Tuesday, 11 March 2008

HURRICANE SMITH: Don't Let It Die


Norman "Hurricane" Smith has just died; his was not a wasted or prematurely curtailed life - he was eighty-five - but it was an ebulliently singular one. Already in his mid-thirties, he lied about his age and became an engineer at EMI, where he ended up as George Martin's right-hand man, engineering all of the Beatles' records up to and including Rubber Soul. Then he saw the youthful Pink Floyd, and when Joe Boyd couldn't continue to produce their records after "Arnold Layne" for contractual reasons, Smith took over for everything from "See Emily Play" to Atom Heart Mother.

In Studio 1 at Abbey Road, he encouraged Syd and the boys to go even further out than they had anticipated, and Piper At The Gates Of Dawn bears articulate witness to an absolute union of artist's vision and producer's flair - Sgt Pepper was being constructed in Studio 2, and Smith and Martin frequently went next door to each other to exchange ideas and advice, as indeed did the musicians themselves - and it is a tribute to Smith's expertise as much as the Floyd's imagination that Piper has stood up so brilliantly; he remained keen to realise and expand the group's ideas over their next three albums, all of which still sound beamed from a parallel universe '68-'70. At the same time he encouraged thug R&B perennials the Pretty Things to indulge their adventurous notions and helped put together S.F. Sorrow as well as the dazzling associated singles, most notably of all "Defecting Grey" which changes mood and direction approximately two dozen times within its five or so minutes; Phil May has attested that Smith worked with the band purely with a view to experimentation and adventure rather than the thought of any financial rewards. In 1969-70 he part-produced Resurrection, the only recently resurrected album by the Aerovons, a bunch of Beatles-fixated teenagers from St Louis with a world of ideas but little money; they scraped together what they had, borrowed some more from their parents and somehow made it to London, and to Abbey Road, where the exquisite "World Of You" and a dozen other gems were recorded. Sadly individual band member personal crises ensured the premature dissolution of the group and the album disappeared until its eventual reappearance on CD, but the music remains strong and the production actively defiant of anything resembling 1969.

Then, to everyone's surprise, Smith resurfaced in 1971, nearly fifty, as a recording artist of his own. "Don't Let It Die" was only kept off number one by the unassailable "Chirpy Chirpy Cheep Cheep" and it remains one of the strangest of early seventies pop smashes; written with the World Wildlife Fund in mind (and possibly commissioned by the WWF) it is a doleful ballad with distorted piano and restrained strings which Smith sings in a voice which made most people think it was Danny Ross (Alfie Hall in The Clitheroe Kid); on TOTP he was represented by a silhouetted figure seated on a stool. The world is already dying ("The world is ours to tear apart/But what if it's too late to start again?") and although clearly a flag-waving fundraiser ("It's up to me/It's up to you") it possesses an eeriness peculiar to its age and evokes considerably more potent thoughts of "hauntology" than several more distinguished exemplars.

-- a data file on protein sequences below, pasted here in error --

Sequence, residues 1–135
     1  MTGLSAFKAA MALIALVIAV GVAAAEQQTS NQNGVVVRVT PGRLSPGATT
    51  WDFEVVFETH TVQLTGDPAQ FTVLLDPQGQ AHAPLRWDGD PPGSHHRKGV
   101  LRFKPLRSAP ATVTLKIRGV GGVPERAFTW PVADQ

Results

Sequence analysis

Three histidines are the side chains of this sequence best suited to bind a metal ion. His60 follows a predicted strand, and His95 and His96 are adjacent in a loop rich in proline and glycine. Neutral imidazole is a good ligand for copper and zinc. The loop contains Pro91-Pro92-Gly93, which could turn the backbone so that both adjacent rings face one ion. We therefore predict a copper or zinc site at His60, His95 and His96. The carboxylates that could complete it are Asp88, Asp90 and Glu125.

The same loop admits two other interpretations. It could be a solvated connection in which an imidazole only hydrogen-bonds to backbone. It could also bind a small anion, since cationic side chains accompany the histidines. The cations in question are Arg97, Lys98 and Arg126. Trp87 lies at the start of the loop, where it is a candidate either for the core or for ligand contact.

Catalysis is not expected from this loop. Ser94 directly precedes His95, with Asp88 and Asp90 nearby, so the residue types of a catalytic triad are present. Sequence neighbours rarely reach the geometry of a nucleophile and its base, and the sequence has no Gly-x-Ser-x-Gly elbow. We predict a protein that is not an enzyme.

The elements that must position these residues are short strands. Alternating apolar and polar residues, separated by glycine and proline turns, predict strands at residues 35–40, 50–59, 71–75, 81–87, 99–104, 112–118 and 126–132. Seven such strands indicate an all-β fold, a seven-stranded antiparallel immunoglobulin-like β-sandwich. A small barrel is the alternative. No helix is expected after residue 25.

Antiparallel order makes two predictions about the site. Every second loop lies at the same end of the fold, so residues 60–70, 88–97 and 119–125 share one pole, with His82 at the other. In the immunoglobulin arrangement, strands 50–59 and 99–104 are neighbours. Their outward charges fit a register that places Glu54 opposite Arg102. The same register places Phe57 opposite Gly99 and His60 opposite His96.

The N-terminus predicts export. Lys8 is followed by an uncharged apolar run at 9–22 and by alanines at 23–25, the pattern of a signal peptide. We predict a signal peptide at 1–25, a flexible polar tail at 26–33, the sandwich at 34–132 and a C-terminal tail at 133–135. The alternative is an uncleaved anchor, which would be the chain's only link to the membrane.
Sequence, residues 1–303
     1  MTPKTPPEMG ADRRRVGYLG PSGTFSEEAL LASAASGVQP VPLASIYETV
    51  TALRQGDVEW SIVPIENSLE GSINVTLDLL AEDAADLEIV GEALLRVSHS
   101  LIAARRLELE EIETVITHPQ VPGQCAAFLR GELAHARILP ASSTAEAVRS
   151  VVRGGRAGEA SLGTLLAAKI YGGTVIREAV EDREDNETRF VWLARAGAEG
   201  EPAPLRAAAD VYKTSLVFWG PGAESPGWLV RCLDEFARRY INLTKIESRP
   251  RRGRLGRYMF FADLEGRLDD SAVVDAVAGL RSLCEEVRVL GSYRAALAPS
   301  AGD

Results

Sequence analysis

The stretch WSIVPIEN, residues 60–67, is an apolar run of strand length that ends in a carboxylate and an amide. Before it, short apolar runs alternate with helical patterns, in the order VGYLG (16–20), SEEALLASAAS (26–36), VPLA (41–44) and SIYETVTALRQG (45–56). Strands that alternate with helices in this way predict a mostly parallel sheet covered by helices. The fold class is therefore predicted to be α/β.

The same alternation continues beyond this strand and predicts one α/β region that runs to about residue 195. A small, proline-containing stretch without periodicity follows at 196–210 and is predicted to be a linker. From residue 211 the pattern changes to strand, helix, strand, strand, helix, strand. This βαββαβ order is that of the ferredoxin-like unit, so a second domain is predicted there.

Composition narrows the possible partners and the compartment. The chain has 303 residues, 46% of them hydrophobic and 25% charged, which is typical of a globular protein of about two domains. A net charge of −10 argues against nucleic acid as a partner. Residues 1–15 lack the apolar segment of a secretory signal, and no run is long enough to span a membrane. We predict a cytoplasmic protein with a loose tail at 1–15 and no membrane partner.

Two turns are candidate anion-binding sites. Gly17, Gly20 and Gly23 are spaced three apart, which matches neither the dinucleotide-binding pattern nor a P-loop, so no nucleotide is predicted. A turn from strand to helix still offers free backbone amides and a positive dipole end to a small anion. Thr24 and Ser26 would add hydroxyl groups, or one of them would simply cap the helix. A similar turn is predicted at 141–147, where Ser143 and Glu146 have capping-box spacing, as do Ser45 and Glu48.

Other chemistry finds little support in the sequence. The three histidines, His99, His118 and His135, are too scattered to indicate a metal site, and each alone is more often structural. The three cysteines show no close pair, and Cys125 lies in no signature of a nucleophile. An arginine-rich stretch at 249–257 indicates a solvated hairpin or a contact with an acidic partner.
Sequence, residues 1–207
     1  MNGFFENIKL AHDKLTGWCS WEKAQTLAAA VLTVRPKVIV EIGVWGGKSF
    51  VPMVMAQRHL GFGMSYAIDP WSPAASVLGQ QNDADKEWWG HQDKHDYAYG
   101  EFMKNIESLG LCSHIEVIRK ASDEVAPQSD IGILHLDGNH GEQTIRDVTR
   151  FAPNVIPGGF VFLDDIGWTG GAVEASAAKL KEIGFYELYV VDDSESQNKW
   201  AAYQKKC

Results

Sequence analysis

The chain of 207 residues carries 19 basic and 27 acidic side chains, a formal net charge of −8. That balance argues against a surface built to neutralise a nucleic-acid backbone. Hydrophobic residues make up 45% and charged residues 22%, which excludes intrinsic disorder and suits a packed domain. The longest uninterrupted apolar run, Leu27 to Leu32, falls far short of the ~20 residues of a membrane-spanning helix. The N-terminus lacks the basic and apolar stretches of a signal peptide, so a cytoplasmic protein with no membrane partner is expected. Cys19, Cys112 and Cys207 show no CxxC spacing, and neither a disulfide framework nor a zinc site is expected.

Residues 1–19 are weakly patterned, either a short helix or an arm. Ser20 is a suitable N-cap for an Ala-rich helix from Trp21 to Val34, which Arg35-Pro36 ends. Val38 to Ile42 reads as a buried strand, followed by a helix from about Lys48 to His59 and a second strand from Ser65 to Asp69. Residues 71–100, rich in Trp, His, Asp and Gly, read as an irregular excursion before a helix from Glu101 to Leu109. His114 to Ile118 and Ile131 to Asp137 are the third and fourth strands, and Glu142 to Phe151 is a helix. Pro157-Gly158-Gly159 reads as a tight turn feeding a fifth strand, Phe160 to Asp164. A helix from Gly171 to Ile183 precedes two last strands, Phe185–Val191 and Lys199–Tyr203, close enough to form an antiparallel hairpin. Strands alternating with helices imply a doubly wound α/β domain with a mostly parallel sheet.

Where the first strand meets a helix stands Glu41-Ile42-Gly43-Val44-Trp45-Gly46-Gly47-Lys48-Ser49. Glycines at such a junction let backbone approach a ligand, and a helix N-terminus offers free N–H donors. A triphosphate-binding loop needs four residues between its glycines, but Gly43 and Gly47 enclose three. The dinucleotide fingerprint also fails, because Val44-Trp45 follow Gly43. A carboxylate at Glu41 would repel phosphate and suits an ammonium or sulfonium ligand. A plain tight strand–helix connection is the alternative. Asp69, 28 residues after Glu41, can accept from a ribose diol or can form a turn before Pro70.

In 1972 he returned with the even stranger "Oh Babe, What Would You Say?," a deliberately old-fashioned but thoroughly endearing forties-style croon (but growled in his post-Formby contralto and with intermittent rasping sax solos) - though in the context of Gilbert O'Sullivan and Peter Skellern it probably wasn't as strange in Britain as it must have been in the States, where it became a number one. Thereafter he gradually slowed down towards retirement - although, delightfully, he turns up as one of the trumpeters on the Teardrop Explodes' Kilimanjaro - but seems to have lived a long, happy and blameless life and I would ask readers to listen to "Interstellar Overdrive" or "The Word" or "Baron Saturday" or "Oh Babe, What Would You Say?" tonight and raise a glass to his placid inventiveness.

7 comments:

agincourtgirl said...

I am sad to say that his big US hit is unknown to me and I've never heard it on the oldies show I listen to - maybe it will turn up on POTP one day? I hope so...

Billy Smart said...

I've seen it on YouTube, though admittedly to accompany a homemade video of vintage cars.

I often listen to it as a companion piece to Peter Skellern's 'You're a Lady', though Smith sounds a bit more optimistic and cheerful about asking the girl out!

Marcello Carlin said...

Would this televisual feast perchance have had anything to do with unmourned early eighties DLT-hosted BBC1 series The Golden Oldie Picture Show?

Billy Smart said...

Favourite ever Golden Oldie Picture Show literal interpretation: 'Ha Ha Said the Clown' by Manfred Mann (film of clown laughing). Though 'Strawberry Fields Forvever' (film of people picking strawberries) runs a close second.

And who could ever forget the poignant interpretation of 'The Sun Ain't Going to Shine Anymore', located in a nuclear bunker, with some children discovering the contents of a dressing box?

Marcello Carlin said...

Sadly, I haven't forgotten it...

I just about remember in the immediate pre-Pan's People days of TOTP how GOPS-style films with 5p budgets, were made specially for artists unable to appear on the show, e.g. clown moping around an empty big (or extra small size) top to "Tears Of A Clown," or "Do You Know The Way To San Jose?" being interpreted by a girl with the wind in her hair wandering around somewhere just outside Slough...

bakertech-education said...

Who played the original "raspy" sax on "Oh Babe, What Would You Say?"

Marcello Carlin said...

Pretty sure it was Don Weller, though as always I stand to be corrected...